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Feds approve 1.4B ton coal deal with Crow Tribe

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Photo -   FILE - In this April 4, 2013 file photo, a mechanized shovel loads coal onto a haul truck at the Cloud Peak Energy's Spring Creek mine near Decker, Mont. On Thursday, June 20, 2013, federal officials gave the green light for a Montana Indian tribe to lease an estimated 1.4 billion tons of coal to a Wyoming company that's moving aggressively to expand its U.S. coal exports to Asia. The deal between Cloud Peak Energy and the Crow Tribe involves more coal than the U.S. consumes annually. (AP Photo/Matthew Brown)
FILE - In this April 4, 2013 file photo, a mechanized shovel loads coal onto a haul truck at the Cloud Peak Energy's Spring Creek mine near Decker, Mont. On Thursday, June 20, 2013, federal officials gave the green light for a Montana Indian tribe to lease an estimated 1.4 billion tons of coal to a Wyoming company that's moving aggressively to expand its U.S. coal exports to Asia. The deal between Cloud Peak Energy and the Crow Tribe involves more coal than the U.S. consumes annually. (AP Photo/Matthew Brown)
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BILLINGS, Mont. (AP) — The U.S. government approved plans by a Montana Indian tribe to lease an estimated 1.4 billion tons of coal to a Wyoming company that's moving aggressively to increase coal exports to Asia, the company and tribe announced Thursday.

The deal between Cloud Peak Energy Inc. and the Crow Tribe involves more coal than the U.S. consumes annually.

The Bureau of Indian Affairs' approval allows Cloud Peak to begin exploration work on the Crow reservation.

Cloud Peak has pending agreements to ship more than 20 million tons of coal annually through two proposed ports on the West Coast. Officials in Washington and Oregon oppose those and other port proposals on environmental grounds, but federal officials said earlier this week they plan only limited environmental reviews of the projects.

Cloud Peak CEO Colin Marshall said preliminary work in Montana on the so-called Big Metal coal mining project — named after a legendary Crow figure — has begun. The company says it could take five years to develop a mine that would produce up to 10 million tons of coal annually, and other mines are possible in the leased areas.

The Crow Tribe's coal reserves are within the Powder River Basin, which accounts for about 40 percent of U.S. coal production. Cloud Peak paid the tribe $1.5 million upon Thursday's BIA approval, bringing its total payments to the tribe so far to $3.75 million.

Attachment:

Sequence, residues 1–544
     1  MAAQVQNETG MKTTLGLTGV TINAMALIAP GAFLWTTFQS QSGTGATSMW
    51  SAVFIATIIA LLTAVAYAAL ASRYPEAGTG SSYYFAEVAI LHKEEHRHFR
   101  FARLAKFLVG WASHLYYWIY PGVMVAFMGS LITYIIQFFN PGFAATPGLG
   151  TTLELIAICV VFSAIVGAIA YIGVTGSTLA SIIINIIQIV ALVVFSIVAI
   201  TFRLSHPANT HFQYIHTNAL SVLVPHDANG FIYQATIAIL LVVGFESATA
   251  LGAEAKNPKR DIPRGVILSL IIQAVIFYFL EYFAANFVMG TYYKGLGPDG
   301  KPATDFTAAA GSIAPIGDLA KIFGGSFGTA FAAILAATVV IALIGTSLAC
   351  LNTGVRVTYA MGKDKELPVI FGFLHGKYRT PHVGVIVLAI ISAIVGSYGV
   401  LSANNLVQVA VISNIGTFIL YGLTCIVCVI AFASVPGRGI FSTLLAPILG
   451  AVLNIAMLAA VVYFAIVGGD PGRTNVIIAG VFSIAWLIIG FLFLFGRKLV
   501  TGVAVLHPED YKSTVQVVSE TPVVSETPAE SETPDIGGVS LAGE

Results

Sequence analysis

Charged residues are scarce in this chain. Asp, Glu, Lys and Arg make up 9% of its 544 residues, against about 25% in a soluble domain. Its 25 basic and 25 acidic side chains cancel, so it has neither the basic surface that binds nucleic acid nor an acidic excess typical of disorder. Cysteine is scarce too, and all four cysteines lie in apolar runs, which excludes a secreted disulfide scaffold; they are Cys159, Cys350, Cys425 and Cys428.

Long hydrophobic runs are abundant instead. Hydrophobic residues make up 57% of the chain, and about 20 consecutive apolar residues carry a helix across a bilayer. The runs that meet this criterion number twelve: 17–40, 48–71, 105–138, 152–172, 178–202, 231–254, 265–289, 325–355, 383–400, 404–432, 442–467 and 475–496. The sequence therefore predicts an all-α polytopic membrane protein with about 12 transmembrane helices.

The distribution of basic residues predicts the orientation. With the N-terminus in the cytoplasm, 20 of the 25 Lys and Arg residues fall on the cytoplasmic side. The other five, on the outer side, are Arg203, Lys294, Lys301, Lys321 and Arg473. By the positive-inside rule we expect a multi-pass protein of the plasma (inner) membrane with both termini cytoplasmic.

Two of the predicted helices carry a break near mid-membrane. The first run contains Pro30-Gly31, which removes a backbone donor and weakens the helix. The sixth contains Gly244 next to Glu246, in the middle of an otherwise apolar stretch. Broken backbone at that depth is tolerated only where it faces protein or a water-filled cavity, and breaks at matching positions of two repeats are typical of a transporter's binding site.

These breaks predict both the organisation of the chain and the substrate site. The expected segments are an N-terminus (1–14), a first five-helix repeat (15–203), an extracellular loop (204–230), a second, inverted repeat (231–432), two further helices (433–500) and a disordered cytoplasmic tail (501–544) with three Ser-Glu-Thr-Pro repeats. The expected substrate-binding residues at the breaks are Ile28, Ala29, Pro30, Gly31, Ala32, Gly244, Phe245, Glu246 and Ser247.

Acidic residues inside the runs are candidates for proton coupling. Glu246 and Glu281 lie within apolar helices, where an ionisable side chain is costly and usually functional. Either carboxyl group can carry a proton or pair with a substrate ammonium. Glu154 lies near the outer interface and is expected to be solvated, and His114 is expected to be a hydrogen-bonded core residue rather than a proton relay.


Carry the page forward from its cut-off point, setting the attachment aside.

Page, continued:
Future payments during an initial five-year option period could total up to $10 million. Cloud Peak would pay royalties on any coal extracted and has agreed to give tribal members hiring preference for mining jobs. The company also will provide $75,000 a year in scholarships for the tribe.

Crow Chairman Darrin Old Coyote said in a statement that the project is a high priority for the impoverished tribe's 13,000 members. It revives longstanding efforts by the Crow to expand coal mining. A $7 billion coal-to-liquids plant proposed in 2008 by an Australian company never came to fruition.

A Cloud Peak mine would be the second on the Crow reservation. The Absaloka mine opened in 1974 and is owned by Westmoreland Resources Inc. It produces about 6 million tons of coal a year and employs about 80 people.

The three members of Montana's congressional delegation — Democratic U.S. Sens. Jon Tester and Max Baucus, and Republican Rep. Steve Daines — issued statements supporting the new agreement. They said it offers a chance to increase job opportunities on the 2.2-million-acre reservation along the Montana-Wyoming border.

Cloud Peak's 2012 coal exports totaled 4.4 million tons, extracted from the Spring Creek mine located just east of the reservation.

The company is pursuing a second new mine at another nearby site known as Youngs Creek after closing a $300 million deal on that property last year.

Beyond the export market, the company has said the coal from the Crow reservation could serve new domestic customers. But U.S. demand for coal has fallen sharply from its historic levels, making prospects for new domestic contracts uncertain.

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